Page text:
And I can see why. An issue here is the users PoV about hwo you generate and edit notes. To someone who conceptualises their note as a text box, Tinderbox is all wrong … and vice versa. In the same way, many get weirded out by the fact that the OPML outline messaging standard has no notion of note text! (what we might call the title as also the text. The OPML attribute for text was an ad hoc customisation invented by—IIRC—Omni Group for their OmniOutliner app and which me-too apps copied it both for compatibility and because their dev’s didn’t look the the OPML spec. But there’s no wrong here, in terms of PoV, but there is difference. Interestingly, OmniOutliner kludges the title/text issue. Both are column 1 of the note but where a delimitation is needed (e.g. export) the first paragraph os the title and all the rest is the text. Our personal norms != standards of behaviour or design (and to be clear I don’t think myself any different in this regard.)
I do see harms to Tinderbox though in bending itself to accommodate the PoV that a map object is a just text box. I certainly don’t want to live in that world, even if others do.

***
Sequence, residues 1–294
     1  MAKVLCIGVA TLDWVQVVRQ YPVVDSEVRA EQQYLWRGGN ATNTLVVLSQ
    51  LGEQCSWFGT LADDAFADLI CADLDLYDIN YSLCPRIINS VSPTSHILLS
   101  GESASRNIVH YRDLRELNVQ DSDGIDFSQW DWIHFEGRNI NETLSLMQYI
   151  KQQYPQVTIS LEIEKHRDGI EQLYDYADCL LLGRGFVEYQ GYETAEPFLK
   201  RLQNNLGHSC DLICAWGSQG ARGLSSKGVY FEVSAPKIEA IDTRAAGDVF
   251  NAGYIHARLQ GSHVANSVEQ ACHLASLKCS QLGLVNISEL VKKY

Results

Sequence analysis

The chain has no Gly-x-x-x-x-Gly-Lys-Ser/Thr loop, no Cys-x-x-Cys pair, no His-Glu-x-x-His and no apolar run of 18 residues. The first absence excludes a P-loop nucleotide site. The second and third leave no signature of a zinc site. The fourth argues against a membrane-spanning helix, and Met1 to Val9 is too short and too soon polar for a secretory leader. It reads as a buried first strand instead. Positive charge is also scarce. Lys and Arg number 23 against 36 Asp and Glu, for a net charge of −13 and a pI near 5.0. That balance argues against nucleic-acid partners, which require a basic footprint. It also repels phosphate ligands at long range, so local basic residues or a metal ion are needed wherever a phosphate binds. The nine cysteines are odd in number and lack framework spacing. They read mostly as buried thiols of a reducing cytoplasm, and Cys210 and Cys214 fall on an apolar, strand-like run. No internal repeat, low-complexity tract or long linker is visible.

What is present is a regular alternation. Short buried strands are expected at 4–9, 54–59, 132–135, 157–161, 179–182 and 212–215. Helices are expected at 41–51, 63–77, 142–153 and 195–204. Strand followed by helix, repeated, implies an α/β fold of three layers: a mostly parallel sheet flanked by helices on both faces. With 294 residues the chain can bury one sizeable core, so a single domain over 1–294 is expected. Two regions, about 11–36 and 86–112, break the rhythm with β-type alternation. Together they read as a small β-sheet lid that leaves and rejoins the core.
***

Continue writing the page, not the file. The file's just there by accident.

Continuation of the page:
Another problem I see with wiki-concept-derived PKM apps is they (seem to†) ignore the notion of anchor text—IOW text that forms the local textual anchor of an outbound link. I think this may be, in part, to naïvete in simply recreating the Web in what is actually a hypertext app.
i’m not trying to diss anyone’s favourite PKM app. But assuming app X should work like app Y just because we are more familiar with Y (without understanding how/why Y works) leads to much of this "why doesn’t [app] have [feature] type of fruitless discussion.
†. Wasted an hour googling on link creation in Obsidian without finding any evidence‡ it could create a link based on anything but the target note name. Even Wikipedia’s own MediaWiki fixes this obvious link creation error. Why? Try linking to a note with a
] in the note name. I do wish people took time to understand that Web/wiki==a limited sub-set of hypertext and to try to understand the latter.
‡. Happy to be wrong on this, but even so it reflects poorly on that app community’s failure to document the app properly. On that aspect of documentation, I do feel I have the real world experience and expertise to be entitled to comment.
Sorry, it was just random banter.
You are absolutely right it is mostly personal habit. I also agree with the other users that adding a direct editing on the map might not add much to Tinderbox given the editor window is just a click away. I am sorry for bringing it back.
No worries. Actually it is useful occasional reminder for us all that the right/obvious way to do things is very contextual and subject to change. If nothing else it makes me revisit my assumptions.